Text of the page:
This collection presents the most interesting advertising posters which were shown not only in the Soviet Union but also in other parts of the world.
These types of advertising posters and cards were hung in offices, shops, hotels, and published in various local and international magazines and newspapers. The ads were supposed to be focused on foreign consumers.
Overall, behind carefully barred borders, the automotive industry developed differently from the free market. Technology fell behind; automobile models were often copied from foreign originals.
Most popular cars in the Soviet state – Moskviches, Zaparozhets, Volgas, and Pobedas, could only be received by Soviet citizens after waiting in a queue for several years.
The automotive industry in the Soviet Union spanned the history of the state from 1929 to 1991. It began with assistance from Western manufacturers and grew into a substantial industry with multiple makes.
Before its dissolution, the Soviet Union produced 2.1-2.3 million units per year of all types, and was the sixth-largest automotive producer, ranking ninth place in cars, third in trucks, and first in buses.
The Soviet industry exported 300,000-400,000 cars annually, mainly to Soviet Union satellite countries, but also to Northern America, Central and Western Europe, and Latin America.
The oldest Soviet mass automaker, GAZ (Gorkovsky Avtomobilny Zavod, Gorky Automobile Factory), was established in Nizhny Novgorod in 1929 by Ford.
A year later, Ford built in Moscow a second automobile plant, AZLK, which became a major Soviet car maker only after WWII.
Unlike other automakers, due to specific government aims, in the early years of Soviet production, cars were a small share of all vehicles.
Also, at the beginning of the 1960s, it became clear Soviet industry was not able to design and launch a decent car for the masses. Soviet leadership again turned to the West seeking technical assistance.
Several options were considered, including Volkswagen, Ford, Peugeot, Renault and FIAT. The Fiat 124 was chosen because of its simple and sturdy design, being easy to manufacture and repair.
The plant was built in just 4 years (1966–1970) in the small town of Stavropol Volzhsky, which later grew to a population of more than half a million and was renamed Togliatti to commemorate Palmiro Togliatti, the long-time head of the Italian Communist Party (PCI), who died shortly before construction of the plant began.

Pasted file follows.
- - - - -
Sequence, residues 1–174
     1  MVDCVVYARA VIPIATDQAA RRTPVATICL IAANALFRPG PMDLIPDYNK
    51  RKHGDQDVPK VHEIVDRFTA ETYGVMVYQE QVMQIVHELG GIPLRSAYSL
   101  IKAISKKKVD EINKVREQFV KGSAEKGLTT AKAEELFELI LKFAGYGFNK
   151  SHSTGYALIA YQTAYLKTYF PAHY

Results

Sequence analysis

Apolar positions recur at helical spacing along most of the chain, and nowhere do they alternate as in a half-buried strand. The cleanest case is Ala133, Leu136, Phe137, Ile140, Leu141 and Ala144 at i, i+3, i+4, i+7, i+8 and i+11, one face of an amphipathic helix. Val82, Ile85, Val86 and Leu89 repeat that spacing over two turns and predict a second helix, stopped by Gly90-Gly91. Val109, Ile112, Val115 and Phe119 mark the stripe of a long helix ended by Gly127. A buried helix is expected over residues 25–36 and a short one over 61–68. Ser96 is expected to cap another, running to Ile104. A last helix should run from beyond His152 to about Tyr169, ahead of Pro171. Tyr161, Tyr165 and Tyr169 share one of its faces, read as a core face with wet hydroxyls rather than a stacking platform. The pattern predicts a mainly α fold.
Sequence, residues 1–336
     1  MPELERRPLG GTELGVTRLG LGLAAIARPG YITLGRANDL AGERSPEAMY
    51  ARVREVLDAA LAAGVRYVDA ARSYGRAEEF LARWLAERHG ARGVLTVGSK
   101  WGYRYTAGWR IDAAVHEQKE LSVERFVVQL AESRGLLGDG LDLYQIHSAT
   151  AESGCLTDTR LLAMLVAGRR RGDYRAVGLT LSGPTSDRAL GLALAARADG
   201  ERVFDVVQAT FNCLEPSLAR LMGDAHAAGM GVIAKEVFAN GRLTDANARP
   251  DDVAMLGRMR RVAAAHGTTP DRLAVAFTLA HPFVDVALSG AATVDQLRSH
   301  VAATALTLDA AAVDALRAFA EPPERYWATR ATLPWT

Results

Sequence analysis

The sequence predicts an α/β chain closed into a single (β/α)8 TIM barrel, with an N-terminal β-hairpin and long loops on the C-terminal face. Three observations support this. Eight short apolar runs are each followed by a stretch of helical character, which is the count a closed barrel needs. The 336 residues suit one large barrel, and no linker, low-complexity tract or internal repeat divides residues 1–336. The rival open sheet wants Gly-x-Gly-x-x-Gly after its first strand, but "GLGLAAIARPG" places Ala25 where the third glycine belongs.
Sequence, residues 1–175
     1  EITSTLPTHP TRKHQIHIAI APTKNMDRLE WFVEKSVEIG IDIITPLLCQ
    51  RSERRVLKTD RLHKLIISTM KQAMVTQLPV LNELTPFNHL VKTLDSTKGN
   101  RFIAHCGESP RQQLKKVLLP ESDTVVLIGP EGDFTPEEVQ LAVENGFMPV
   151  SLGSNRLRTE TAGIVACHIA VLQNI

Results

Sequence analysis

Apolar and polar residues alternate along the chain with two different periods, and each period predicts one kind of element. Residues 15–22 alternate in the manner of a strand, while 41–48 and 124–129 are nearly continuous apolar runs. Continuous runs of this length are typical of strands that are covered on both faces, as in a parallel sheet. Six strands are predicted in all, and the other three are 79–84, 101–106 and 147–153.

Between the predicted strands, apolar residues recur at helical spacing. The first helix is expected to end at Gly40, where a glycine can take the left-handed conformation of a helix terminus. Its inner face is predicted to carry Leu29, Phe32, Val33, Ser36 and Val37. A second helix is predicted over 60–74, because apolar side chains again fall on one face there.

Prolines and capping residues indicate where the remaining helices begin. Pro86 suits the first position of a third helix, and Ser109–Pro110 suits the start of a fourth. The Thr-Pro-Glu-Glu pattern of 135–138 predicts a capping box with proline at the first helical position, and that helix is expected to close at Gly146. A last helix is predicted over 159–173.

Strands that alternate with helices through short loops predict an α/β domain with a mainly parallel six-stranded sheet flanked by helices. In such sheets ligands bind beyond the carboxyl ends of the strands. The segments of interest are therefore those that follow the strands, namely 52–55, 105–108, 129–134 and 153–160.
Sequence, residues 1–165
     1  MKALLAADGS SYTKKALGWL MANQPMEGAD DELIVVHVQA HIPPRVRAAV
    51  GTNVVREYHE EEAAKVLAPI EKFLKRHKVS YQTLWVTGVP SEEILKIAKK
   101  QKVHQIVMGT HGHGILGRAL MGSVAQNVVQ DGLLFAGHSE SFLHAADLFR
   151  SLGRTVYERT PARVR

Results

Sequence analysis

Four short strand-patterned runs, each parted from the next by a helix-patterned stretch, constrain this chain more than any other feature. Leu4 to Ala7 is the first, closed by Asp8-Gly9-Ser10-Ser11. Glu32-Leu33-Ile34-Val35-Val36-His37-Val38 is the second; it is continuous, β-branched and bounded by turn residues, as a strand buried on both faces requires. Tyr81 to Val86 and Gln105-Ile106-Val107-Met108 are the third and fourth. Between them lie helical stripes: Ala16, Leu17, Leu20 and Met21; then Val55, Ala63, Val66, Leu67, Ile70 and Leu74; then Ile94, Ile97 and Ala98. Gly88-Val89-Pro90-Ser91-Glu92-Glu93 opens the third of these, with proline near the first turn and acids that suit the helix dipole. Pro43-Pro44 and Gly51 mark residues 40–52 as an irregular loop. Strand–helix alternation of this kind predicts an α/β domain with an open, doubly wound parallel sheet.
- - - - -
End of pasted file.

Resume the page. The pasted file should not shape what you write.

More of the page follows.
At the same time, the Izhmash car plant was established in the city of Izhevsk as part of the Izhevsk Mechanical Plant, with the initiative coming from the Minister of Defence Dmitriy Ustinov in order to increase the overall production of cars in the Soviet Union. It produced Moskvitchs and Moskvitch-based kombi hatchbacks.
By 1970, the manufacture of trucks and other commercial vehicles was decentralized and these were made not only in Moscow and Gorky but also in Belarus (Minsk, Zhodino), the Ukraine (Kremenchug), Georgia (Kutaisi), and in the Volga and Ural regions (Ulyanovsk and Miass).
The manufacture of automobiles was confined exclusively to Moscow, Gorky, and Izhevsk (Ural region) until the late 1960s.
From 1970 to 1979, automobile production grew by nearly 1 million units per year, and truck production grew by 250,000 per year.
The production ratio of automobiles to trucks increased in that time from 0.7 to 1.7, indicating that more attention was being given to the consumer market.
The bulk of the automotive industry of the Soviet Union, with annual production approaching 1.8 million units, was located in the Russian SFSR.
Ukrainian SSR was second, at more than 200,000 units per year, Belorussian SSR was third at 40,000. Other Soviet republics (SSRs) had low-significant automotive industry. Only the first two republics produced all types of automobiles.
By the early 1980s, Soviet automobile industry consisted of several main plants, which produced vehicles for various market segments.
Prior to 1988, private buyers were also not allowed to buy commercial vehicles like minibusses, vans, trucks or buses for personal use. Domestic car production satisfied only 45% of the domestic demand; nevertheless, no import of cars was permitted.
(Photo credit: RussianAmbience.com / Wikimedia Commons / Pinterest).